LinkedIn is a very effective medium to increase customer acquisition, especially in the Business to Business market. But with the different types of advertising, the bidding payment system, and a plethora of targeting opportunities, the advertisement choices on the platform can be a tad difficult to navigate. The key to understanding LinkedIn paid advertising is to know a great deal about your target audience.
With the heat comes a new wave of employment options. We gathered statistics regarding the different trends and costs of employment in the summer in our new latest infographic, “Our Guide to Summer Employment”. Learn about the different perks and struggles employees face in the the warmer weather!
The core of your LinkedIn success comes from your profile. Without a reputable and strong presence, it is virtually impossible to gain real traction on the website. But where do you start? Your company’s LinkedIn page will be different from any other social media outlet, and your personal and company profiles require different approaches.
All businesses pay a federal income tax, whether its as its own entity or through the income tax of the owner. But, sales tax is a completely different story. Sales tax is determined by each individual state and the requirements for multiple state businesses are often complicated. Those requirements get further complex when you are an online business as you may not have any physical presence in the state itself. Whether or not your online business has to pay sales tax all depends on the states’ definition of one word: nexus.
If you have ever watched the TV show, Shark Tank, you know just how aloof business evaluations can be. The mere fact that a valuation can be negotiated shows just how much subjectivity business evaluations hold. But regardless of how you come up with the number, the valuation of your business is vital. The value of your business can help you determine your company’s financial and competitive standing. For larger public corporations, a valuation is typically created through the stock price. What about private corporations? There are three easy ways to find the value of your business regardless of size.
One of the first steps to creating your own business is picking your name. You can change your name in the future, but almost every entrepreneur is set on getting it right the first time. Maintaining your business name can significantly help your brand consistency. Whether it’s your first business or one of many, you’ve probably spent a bit of time thinking of the perfect name, and have inevitably asked – what some common business name mistakes to avoid during this important choice? Continue reading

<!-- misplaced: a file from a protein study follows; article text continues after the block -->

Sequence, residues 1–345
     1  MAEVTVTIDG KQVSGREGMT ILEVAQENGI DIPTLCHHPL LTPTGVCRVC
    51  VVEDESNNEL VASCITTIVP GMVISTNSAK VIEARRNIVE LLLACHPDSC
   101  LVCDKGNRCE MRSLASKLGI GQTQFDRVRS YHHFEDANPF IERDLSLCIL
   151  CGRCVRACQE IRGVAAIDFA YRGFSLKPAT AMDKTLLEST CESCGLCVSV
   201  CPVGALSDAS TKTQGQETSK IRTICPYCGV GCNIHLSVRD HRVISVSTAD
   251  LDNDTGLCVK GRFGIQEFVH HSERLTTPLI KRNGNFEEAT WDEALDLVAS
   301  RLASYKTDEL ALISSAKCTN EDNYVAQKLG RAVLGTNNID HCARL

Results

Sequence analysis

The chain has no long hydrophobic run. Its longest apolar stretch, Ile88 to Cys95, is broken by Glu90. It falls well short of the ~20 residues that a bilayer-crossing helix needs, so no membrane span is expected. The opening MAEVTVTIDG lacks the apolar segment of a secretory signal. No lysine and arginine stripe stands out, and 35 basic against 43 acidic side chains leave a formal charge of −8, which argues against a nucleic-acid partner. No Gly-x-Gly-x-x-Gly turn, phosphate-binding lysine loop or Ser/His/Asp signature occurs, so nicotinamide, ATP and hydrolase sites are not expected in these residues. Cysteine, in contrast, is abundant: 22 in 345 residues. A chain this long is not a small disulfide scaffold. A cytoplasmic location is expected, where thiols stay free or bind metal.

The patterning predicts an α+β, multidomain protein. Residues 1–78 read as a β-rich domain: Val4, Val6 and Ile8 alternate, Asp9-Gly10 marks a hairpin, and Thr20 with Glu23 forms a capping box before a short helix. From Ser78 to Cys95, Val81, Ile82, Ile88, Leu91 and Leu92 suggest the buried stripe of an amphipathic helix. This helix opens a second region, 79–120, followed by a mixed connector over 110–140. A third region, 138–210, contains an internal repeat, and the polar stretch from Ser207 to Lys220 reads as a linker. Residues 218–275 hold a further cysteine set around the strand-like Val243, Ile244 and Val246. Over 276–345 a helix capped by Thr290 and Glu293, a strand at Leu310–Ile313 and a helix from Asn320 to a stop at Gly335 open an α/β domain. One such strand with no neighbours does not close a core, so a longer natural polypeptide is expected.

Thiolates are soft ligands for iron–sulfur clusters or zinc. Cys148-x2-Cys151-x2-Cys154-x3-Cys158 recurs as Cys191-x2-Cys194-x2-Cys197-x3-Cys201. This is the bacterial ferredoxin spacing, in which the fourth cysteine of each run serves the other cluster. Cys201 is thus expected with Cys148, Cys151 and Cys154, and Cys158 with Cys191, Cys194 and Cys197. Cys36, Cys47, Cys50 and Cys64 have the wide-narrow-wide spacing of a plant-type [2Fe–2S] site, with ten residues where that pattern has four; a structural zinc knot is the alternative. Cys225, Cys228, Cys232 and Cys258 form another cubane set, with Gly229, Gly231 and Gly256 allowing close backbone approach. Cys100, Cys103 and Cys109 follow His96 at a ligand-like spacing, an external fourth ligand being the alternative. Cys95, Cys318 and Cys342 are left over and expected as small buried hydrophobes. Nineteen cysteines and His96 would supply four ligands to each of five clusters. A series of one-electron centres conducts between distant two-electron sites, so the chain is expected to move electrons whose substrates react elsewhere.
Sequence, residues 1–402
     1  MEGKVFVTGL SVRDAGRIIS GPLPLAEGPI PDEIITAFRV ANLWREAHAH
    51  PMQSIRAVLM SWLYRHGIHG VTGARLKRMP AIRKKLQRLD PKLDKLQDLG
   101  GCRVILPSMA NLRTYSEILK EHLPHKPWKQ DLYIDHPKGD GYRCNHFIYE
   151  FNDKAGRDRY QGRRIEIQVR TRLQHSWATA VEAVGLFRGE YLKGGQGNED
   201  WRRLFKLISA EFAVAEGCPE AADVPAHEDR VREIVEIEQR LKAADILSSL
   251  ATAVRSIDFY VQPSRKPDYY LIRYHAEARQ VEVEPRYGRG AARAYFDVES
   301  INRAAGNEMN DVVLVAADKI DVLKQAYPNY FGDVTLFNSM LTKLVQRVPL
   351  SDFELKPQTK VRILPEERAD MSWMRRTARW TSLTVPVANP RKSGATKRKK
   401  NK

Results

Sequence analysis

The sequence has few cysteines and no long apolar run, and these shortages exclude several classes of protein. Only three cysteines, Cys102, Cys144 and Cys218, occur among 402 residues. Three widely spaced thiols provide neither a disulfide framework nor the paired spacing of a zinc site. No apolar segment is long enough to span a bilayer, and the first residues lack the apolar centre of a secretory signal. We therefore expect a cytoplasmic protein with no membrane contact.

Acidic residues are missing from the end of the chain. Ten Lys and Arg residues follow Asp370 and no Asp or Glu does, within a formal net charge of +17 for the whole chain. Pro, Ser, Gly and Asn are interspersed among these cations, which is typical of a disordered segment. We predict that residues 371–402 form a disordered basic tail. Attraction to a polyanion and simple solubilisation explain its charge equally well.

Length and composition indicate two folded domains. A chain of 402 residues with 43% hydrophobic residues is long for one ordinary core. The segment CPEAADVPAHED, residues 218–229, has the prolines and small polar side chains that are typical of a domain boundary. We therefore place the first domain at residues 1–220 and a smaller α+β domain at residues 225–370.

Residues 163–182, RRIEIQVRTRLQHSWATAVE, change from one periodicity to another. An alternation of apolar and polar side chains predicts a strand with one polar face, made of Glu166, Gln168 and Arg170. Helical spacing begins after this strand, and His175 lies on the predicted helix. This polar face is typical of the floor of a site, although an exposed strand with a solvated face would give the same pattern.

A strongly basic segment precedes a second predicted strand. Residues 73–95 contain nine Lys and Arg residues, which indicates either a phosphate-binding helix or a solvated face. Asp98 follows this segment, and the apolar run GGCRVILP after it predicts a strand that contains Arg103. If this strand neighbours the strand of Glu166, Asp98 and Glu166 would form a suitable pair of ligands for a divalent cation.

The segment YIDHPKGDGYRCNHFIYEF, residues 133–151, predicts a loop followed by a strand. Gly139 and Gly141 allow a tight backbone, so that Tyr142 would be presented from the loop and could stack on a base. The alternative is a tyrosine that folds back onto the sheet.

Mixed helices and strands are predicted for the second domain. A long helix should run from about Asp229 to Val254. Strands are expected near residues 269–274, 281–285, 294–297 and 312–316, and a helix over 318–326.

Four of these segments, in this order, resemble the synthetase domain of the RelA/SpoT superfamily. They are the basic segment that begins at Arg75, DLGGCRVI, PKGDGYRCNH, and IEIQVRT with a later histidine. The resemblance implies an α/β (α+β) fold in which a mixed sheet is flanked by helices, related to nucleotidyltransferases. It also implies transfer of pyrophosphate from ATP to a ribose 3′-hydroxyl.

The IRS, nearly every state tax agency, and even some cities require employers to withhold a certain amount from their employee’s paychecks to cover income tax, social security, and medicare obligations. These are payroll taxes, and it’s your responsibility, as a small business owner, to collect and send them in. The amount varies from state to state, and in some cases city to city, but there are three main steps to collection.
Everyone you hire fills out a W-4, which gives you some basic information like family size and other deductions. Continue reading
Payroll may seem like a straightforward topic, but there is a lot more to it than just tracking hours and cutting checks. Unfortunately a lot of small business owners don’t realize that and, before they know it, they’re up to their ears in tax forms and reports they’ve never even heard of. Calculating, and staying on top, of payroll can actually be pretty complicated, especially if you don’t have a background in accounting. So what do small business owners absolutely need to know about setting up a payroll system?
You must withhold taxes
The federal, state, and local governments can all levy tax on income, and it is your responsibility as an employer to withhold the necessary amounts from your employee’s paychecks and send that into the proper agency. Continue reading
An Employer Identification Number, also called an EIN or a Federal Tax Identification Number , is a unique set of digits assigned to a business by the IRS. With it, tax agencies can easily track the financial activity of your company, and make sure that you pay your taxes. But, if you run a sole-proprietorship, the IRS can already do that using your personal social security number. So in what cases do you need an Employer Identification Number?
When you hire someone
The only time you can really get away with using your social security number is when your business is considered a sole-proprietorship, and you’re the only employee. The IRS figures, in cases like that, the company’s profit flows directly to you, and you pay your taxes from that. But that changes the minute you bring anyone on to help run the company, and that includes a business partner. Once you start hiring, your company must have an EIN.
When you form an LLC or Incorporate
Incorporating or forming an LLC separates you and the business. Continue reading
We talk a lot about the awesome benefits of incorporating or forming an LLC. We also talk a lot about maintaining a business. But what about that middle ground, when you’ve already incorporated but just barely?
Here are a couple moves you can make as a small business owner who’s recently incorporated:
Protect your intellectual property.
The best way to go about doing this is to invest in a trademark. With an official trademark your business’s brand is fully your own. Once you’ve filed a trademark with the USPTO, no one else can legally use your company’s logo, designs, symbols, phrases, or whatever it is that you want to protect. Continue reading